Hainault Forest Website

Tree identification

English Oak (Pedunculate oak)  Quercus robur

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Oak twig with a cluster of buds at the tip

Female flowers

Oak catkins or male flowers

Leaf showing lobes and tiny or absent stalk.

Leaf amongst the litter

Acorns on stalks

Bole deeply fissured

 

 

ENGLISH or PEDUNCULATE OAK  Quercus robur

English oak grows throughout the forest on all the soil types. The crown is large and spreading and the branches twist and turn. The bole is deeply fissured. The tannin from the bark was used locally for tanning leather and on several occasions in the eighteenth century quantities of oak of varying quality from Hainault Forest was purchased by the navy for ship building. Oak of all ages from scrub to mature can be found and they support a vast array of wildlife - mammals, birds, insects and other invertebrates - in total more than any other species of tree.  In spring the leaves may be eaten by defoliating caterpillars and later the terminal buds may produce further growth known as Lammas growth which gives rise to the twisting of the branches. In hot summers the leaves may succumb to a mildew. Many invertebrates induce gall formation and many examples can be found on the Oak gall page. In 2004 few acorns matured as many had knopper galls A magnificent old oak stands as a boundary marker, next to the LCC boundary post on the top of Crabtree Hill, the highest part of the forest. It can be found by walking along Dolneats Lane or Cavill's Path to the cottages in the forest and then walk up Crabtree Hill, from which lovely views of Havering Park and Havering atte Bower  can be seen.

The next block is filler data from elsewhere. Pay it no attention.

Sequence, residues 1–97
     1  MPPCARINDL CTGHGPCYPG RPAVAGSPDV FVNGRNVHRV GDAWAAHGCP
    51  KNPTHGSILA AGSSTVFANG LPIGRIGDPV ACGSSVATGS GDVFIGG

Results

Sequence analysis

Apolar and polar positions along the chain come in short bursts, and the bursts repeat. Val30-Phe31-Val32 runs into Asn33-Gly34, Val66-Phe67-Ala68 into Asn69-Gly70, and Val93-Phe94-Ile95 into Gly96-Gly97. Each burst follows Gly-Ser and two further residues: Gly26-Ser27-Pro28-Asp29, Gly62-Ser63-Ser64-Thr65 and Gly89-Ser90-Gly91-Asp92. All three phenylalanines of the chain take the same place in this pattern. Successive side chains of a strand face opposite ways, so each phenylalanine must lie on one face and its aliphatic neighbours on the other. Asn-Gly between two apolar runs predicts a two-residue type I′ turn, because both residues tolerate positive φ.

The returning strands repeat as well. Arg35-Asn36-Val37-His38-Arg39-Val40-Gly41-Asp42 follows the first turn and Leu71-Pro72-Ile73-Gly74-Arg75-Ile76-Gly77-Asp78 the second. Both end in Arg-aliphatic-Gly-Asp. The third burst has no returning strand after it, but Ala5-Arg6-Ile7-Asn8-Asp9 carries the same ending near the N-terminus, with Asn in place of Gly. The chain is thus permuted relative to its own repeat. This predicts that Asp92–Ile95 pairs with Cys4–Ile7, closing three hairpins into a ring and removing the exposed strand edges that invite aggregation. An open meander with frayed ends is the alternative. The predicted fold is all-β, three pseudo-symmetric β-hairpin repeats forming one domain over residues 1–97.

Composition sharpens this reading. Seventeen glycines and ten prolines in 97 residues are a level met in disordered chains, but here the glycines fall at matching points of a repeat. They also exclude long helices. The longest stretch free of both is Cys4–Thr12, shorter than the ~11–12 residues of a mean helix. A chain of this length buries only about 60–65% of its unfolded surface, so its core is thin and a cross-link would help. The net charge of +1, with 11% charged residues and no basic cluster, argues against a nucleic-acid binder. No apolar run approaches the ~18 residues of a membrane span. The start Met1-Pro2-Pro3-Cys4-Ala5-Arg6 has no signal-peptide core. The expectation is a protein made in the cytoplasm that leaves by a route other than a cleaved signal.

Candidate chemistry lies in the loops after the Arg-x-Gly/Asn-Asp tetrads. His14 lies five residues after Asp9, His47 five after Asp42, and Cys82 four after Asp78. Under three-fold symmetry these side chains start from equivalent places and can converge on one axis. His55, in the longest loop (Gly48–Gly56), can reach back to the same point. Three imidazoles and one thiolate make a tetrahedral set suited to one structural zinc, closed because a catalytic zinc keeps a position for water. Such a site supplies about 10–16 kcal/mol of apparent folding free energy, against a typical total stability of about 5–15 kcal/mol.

Oak near Angel car park and picnic area in January